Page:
EC2 Pantry Raid I: Odds and Ends

This is a collection of tidbits I’ve picked up as I’ve worked through the last few posts about working with Amazon EC2. Nothing’s big enough to deserve its own post, so I’ve decided to lump them all together here.

Homebrew

If you’re running on Mac OS X, you can install the EC2 API command-line tools via Homebrew:

  $ brew install ec2-api-tools
  ==> Downloading http://ec2-downloads.s3.amazonaws.com/ec2-api-tools-1.4.2.2.zip
  ######################################################################## 100.0%
  ==> Caveats
  Before you can use these tools you must export some variables to your $SHELL
  and download your X.509 certificate and private key from Amazon Web Services.

  Your certificate and private key are available at:
  http://aws-portal.amazon.com/gp/aws/developer/account/index.html?action=access-key

  Download two ".pem" files, one starting with `pk-`, and one starting with `cert-`.
  You need to put both into a folder in your home directory, `~/.ec2`.

  To export the needed variables, add them to your dotfiles.
   * On Bash, add them to `~/.bash_profile`.
   * On Zsh, add them to `~/.zprofile` instead.

  export JAVA_HOME="/System/Library/Frameworks/JavaVM.framework/Home"
  export EC2_PRIVATE_KEY="$(/bin/ls $HOME/.ec2/pk-*.pem)"
  export EC2_CERT="$(/bin/ls $HOME/.ec2/cert-*.pem)"
  export EC2_HOME="/usr/local/Cellar/ec2-api-tools/1.4.2.2/jars"

Elastic IP addresses

If you’ve been following along at home, you probably noticed that when you start an EC2 instance it is assigned a new IP address by AWS. This isn’t much of a problem for S3-backed instances, as they pretty much restart from scratch every time you start them, but for EBS-backed instances it would be handy if we could get the same IP address every time. AWS gives us a way to do this, with elastic IP addresses.

First, you allocate a static IP address from AWS.

  $ ec2-allocate-address
  ADDRESS	50.17.204.89	

As with EBS volumes, once you allocate an address, you start paying for it. The good news is, you don’t pay extra for it as long as it’s associated with a running EC2 instance.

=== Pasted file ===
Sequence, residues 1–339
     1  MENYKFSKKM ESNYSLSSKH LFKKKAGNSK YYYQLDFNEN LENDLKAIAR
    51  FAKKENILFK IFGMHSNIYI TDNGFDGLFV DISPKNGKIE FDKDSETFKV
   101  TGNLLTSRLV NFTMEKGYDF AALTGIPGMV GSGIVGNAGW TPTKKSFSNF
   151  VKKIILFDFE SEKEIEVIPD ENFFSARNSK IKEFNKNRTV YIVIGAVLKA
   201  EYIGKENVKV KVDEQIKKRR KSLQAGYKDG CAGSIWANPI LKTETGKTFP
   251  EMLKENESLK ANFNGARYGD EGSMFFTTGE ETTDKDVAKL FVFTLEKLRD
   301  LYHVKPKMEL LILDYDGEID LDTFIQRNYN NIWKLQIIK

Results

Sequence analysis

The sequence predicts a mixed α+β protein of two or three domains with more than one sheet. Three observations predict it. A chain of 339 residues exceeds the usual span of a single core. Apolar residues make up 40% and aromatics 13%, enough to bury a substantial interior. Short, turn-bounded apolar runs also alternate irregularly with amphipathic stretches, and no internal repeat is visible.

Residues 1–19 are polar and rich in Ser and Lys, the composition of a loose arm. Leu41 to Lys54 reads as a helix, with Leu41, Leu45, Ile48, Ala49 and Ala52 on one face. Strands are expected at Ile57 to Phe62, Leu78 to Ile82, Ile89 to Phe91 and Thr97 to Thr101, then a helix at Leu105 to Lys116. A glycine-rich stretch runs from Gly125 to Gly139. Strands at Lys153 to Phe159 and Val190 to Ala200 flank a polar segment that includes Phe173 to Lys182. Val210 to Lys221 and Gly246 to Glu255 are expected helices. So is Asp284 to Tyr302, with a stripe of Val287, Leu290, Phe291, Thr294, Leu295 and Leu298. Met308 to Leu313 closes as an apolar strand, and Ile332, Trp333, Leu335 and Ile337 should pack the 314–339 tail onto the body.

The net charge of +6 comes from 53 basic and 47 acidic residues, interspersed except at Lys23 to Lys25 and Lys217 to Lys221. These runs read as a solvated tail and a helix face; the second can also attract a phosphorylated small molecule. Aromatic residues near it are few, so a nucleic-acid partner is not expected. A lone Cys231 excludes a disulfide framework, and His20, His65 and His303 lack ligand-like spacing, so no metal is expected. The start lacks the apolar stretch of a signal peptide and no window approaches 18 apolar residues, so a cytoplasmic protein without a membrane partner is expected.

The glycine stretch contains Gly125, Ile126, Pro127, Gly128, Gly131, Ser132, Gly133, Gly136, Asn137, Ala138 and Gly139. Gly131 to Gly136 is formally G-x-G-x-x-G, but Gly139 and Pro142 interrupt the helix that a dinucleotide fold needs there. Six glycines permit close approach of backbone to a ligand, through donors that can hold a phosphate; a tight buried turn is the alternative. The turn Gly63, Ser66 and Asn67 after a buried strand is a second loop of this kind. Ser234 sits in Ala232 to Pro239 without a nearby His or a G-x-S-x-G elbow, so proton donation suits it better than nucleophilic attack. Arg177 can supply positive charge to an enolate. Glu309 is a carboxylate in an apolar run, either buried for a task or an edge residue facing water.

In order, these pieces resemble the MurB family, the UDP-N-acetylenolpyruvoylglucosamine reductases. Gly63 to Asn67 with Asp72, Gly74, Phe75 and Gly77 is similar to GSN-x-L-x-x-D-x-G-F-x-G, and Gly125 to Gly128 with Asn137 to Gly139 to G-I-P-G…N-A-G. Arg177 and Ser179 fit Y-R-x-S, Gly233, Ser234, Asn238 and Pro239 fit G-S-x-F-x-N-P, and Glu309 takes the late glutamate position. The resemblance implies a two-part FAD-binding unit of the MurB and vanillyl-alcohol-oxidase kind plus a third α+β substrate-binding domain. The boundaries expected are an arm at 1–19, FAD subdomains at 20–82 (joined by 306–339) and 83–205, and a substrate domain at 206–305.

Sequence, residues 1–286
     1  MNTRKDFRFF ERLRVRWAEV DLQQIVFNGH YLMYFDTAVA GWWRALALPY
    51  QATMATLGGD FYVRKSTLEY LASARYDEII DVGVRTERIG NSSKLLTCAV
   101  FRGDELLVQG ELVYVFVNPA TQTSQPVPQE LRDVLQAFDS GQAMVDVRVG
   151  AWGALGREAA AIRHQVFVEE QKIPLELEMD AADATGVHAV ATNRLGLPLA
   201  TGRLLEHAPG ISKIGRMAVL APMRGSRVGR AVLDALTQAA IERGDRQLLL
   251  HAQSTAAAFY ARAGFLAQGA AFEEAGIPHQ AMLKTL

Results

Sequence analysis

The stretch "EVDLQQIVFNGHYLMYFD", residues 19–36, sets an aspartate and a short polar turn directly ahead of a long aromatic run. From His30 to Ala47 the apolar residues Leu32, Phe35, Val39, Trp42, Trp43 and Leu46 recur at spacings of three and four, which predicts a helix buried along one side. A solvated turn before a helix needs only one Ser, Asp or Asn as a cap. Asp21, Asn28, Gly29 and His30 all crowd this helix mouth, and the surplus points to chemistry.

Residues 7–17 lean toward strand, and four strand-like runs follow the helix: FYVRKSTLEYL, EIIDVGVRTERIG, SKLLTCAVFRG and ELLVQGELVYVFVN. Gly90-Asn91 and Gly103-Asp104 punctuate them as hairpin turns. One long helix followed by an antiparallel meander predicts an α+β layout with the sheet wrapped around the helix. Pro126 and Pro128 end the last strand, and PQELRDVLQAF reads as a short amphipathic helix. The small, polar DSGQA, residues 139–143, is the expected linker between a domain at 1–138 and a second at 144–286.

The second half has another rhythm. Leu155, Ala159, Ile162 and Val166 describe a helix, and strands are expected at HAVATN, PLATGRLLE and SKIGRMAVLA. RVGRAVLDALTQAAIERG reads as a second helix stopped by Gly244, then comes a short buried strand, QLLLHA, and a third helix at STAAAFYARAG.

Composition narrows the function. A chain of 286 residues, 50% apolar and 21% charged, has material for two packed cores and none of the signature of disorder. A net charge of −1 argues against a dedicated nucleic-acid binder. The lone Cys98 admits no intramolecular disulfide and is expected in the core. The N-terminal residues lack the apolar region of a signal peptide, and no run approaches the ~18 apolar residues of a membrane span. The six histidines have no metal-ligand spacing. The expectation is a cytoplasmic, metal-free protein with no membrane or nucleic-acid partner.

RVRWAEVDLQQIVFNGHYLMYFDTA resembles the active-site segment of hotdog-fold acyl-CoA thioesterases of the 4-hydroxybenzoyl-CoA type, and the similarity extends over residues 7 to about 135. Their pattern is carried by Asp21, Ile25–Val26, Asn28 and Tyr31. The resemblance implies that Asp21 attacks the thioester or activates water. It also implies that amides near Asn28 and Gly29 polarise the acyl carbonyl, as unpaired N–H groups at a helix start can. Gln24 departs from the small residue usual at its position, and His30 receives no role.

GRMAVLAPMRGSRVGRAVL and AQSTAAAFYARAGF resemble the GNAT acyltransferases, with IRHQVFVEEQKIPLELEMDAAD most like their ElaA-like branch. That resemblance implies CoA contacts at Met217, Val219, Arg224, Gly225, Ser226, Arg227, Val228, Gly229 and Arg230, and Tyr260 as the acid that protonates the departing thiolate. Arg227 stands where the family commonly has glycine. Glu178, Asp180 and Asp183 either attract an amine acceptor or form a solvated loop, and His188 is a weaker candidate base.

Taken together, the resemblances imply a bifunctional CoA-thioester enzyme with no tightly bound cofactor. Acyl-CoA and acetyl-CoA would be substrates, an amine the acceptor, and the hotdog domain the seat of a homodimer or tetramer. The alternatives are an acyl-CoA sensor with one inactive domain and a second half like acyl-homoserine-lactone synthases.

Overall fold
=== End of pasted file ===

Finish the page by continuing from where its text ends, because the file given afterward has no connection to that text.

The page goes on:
$ ec2-describe-instances
  RESERVATION   r-f2b7df9f      331055354537    default
  INSTANCE      i-56857039      ami-76f0061f    ec2-50-17-140-20.compute-1.amazonaws.com  \
                ip-10-212-170-227.internal      running hrworx-keypair                  0 \
                m1.small  2011-03-16T22:35:15+0000  us-east-1a  aki-407d9529              \
                monitoring-disabled     50.17.140.20    10.212.170.227  ebs   paravirtual \
                xen	
  BLOCKDEVICE   /dev/sda1       vol-90a783f8    2011-03-16T22:35:39.000Z
  
  $ ec2-associate-address 50.17.204.89 -i i-56857039
  ADDRESS	50.17.204.89	i-56857039

  $ ec2-describe-instances
  RESERVATION   r-f2b7df9f      331055354537    default
  INSTANCE      i-56857039      ami-76f0061f    ec2-50-17-204-89.compute-1.amazonaws.com  \
                ip-10-212-170-227.internal      running hrworx-keypair                  0 \
                m1.small  2011-03-16T22:35:15+0000  us-east-1a  aki-407d9529              \
                monitoring-disabled     50.17.204.89    10.212.170.227  ebs   paravirtual \
                xen	
  BLOCKDEVICE	/dev/sda1	vol-90a783f8	2011-03-16T22:35:39.000Z	

Note that both the external IP address and the external name changed, to 50.17.204.89 and ec2-50-17-204-89.compute-1.amazonaws.com respectively.

When the EC2 instance is stopped or terminated, the IP address is disassociated, and you can associate it with a different EC2 instance (or the same one, if you restart it).